Erotic encounter leaves cultural thrill-seekers cold

'The Blue Room' | Theatre Royal, London
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The Independent Culture

Is David Hare's The Blue Room in danger of becoming the Ibiza Uncovered of the cultured, theatre-going classes? It, too, is all about sex and the prospect of people taking their kit off. It, too, has hangovers and post-coital tristesse. All that is missing is the sea. Certainly, it is a piece that - on the grounds of low budget and even lower desires - is destined to materialise at every cash-strapped repertory in the country.

Is David Hare's The Blue Room in danger of becoming the Ibiza Uncovered of the cultured, theatre-going classes? It, too, is all about sex and the prospect of people taking their kit off. It, too, has hangovers and post-coital tristesse. All that is missing is the sea. Certainly, it is a piece that - on the grounds of low budget and even lower desires - is destined to materialise at every cash-strapped repertory in the country.

Not surprising, then, that this witty, achingly stylish production by Loveday Ingram is the second English revival of the play since it was launched in a blaze of publicity at the Donmar Warehouse two years ago. On that occasion, Nicole Kidman aroused some of my colleagues to such a state of priapism that only the wifely threat of a kitchen knife could bring them back down (so to speak) to earth.

The Blue Room is Hare's contemporary reworking of Schnitzler's shocker La Ronde, written in 1900. The police raided the premiÿre of that work for its frank, objective portrayal of a daisy chain of erotic encounters, seen before and after the act, in which one partner from each union moves on to the next. Nowadays, though, the police would be more likely to block-book the show for their annual outing because the effect of this updated version is merely titillating.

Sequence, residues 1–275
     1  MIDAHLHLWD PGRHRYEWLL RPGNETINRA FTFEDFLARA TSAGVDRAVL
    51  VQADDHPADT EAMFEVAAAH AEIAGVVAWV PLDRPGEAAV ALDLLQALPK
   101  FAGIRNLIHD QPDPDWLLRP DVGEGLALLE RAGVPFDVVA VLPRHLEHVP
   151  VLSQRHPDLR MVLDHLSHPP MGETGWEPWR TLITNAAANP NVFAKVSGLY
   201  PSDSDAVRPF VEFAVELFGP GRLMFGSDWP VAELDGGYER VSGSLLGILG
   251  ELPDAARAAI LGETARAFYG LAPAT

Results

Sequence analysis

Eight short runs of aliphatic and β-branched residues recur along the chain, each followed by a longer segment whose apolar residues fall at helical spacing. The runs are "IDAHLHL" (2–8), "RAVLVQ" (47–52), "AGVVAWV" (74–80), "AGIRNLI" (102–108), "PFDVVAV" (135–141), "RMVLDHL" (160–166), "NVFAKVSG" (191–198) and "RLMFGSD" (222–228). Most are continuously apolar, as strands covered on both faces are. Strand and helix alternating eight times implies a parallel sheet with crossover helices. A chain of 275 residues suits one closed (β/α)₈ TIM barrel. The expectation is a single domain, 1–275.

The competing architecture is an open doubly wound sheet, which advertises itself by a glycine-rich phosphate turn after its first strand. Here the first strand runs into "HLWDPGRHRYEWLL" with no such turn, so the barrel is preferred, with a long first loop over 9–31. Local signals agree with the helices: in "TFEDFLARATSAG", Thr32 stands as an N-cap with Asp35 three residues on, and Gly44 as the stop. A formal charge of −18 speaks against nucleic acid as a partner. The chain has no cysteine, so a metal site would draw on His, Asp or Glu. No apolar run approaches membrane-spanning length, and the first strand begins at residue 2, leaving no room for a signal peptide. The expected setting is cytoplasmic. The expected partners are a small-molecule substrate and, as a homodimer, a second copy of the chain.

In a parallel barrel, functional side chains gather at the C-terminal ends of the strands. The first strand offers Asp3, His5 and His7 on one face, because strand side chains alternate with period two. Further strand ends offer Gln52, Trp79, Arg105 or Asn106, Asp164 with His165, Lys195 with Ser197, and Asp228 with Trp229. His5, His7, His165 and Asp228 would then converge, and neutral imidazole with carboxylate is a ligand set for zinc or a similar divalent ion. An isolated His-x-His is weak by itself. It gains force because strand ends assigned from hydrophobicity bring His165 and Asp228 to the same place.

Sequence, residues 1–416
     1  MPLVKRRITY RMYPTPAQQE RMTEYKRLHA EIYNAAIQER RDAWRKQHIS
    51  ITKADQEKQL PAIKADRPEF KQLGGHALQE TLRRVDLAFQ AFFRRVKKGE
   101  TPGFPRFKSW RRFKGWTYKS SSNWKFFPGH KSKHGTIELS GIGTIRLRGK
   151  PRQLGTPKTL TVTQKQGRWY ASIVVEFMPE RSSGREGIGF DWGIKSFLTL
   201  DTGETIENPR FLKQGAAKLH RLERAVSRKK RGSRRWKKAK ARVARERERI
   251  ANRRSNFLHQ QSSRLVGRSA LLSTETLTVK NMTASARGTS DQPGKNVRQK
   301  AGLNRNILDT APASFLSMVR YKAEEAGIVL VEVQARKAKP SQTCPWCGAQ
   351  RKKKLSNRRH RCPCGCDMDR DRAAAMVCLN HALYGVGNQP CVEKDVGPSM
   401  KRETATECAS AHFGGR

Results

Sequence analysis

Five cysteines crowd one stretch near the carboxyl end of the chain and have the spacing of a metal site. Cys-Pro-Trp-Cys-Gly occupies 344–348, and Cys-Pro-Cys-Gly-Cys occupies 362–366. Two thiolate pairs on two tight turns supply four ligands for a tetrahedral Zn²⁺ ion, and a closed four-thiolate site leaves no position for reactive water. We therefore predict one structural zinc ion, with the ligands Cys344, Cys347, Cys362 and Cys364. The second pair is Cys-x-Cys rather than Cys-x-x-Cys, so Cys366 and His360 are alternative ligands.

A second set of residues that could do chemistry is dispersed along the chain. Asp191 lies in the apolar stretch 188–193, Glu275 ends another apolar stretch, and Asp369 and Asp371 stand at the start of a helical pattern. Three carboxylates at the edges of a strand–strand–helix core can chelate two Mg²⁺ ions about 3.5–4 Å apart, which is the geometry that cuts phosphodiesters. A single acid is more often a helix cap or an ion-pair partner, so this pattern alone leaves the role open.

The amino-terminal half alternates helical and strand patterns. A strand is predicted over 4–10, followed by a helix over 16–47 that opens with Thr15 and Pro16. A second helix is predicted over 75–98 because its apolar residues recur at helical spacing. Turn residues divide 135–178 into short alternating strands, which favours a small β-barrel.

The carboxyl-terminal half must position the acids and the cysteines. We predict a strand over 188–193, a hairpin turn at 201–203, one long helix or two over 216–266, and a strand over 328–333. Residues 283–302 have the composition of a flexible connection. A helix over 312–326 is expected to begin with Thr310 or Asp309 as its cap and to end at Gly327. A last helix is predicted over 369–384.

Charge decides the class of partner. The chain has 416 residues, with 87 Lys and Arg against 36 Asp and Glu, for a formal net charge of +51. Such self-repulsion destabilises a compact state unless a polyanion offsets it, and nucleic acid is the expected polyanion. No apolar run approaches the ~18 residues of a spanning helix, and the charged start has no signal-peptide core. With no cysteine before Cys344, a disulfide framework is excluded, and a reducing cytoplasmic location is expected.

The couple who act out all the couplings with aplomb are the exquisitely gamine Camilla Power and the dark, stockily handsome Michael Higgs. Their quick changes through the various quickies (performed in full view on a minimalist set of sliding blue doors) range from cocksure cabbie to self-effacing aristo, from emotionally needy prostitute to clichéd grande dame.

These actors have a naturally warm and engaging presence but they cannot save the play from seeming cold and superior, for all its attempts to suggest a tug of thwarted romantic yearning. I found myself hating the dumb "clever" joke of posting up the length of time each bout of sex had lasted. Apart from clinically confusing duration and subjective experience, it invites the laughter of defensive ridicule rather than identification.

In one scene, an MP's wife, whom we have already witnessed romping with a student, is discovered perusing a Harry Potter book in one of the marital twin beds. The drollness of that detail is outweighed by obviousness. It would have been funnier if she had been shown browsing through Hare's recently published journals Acting Up in which he congratulates himself on having achieved the difficult tone of this play: "world-weary, yes, clear-eyed, yes, but also full of the vulnerability of the search for love". Well, it is nice to know that he is satisfied. The rest of us, frankly, are still waiting for the earth to move.

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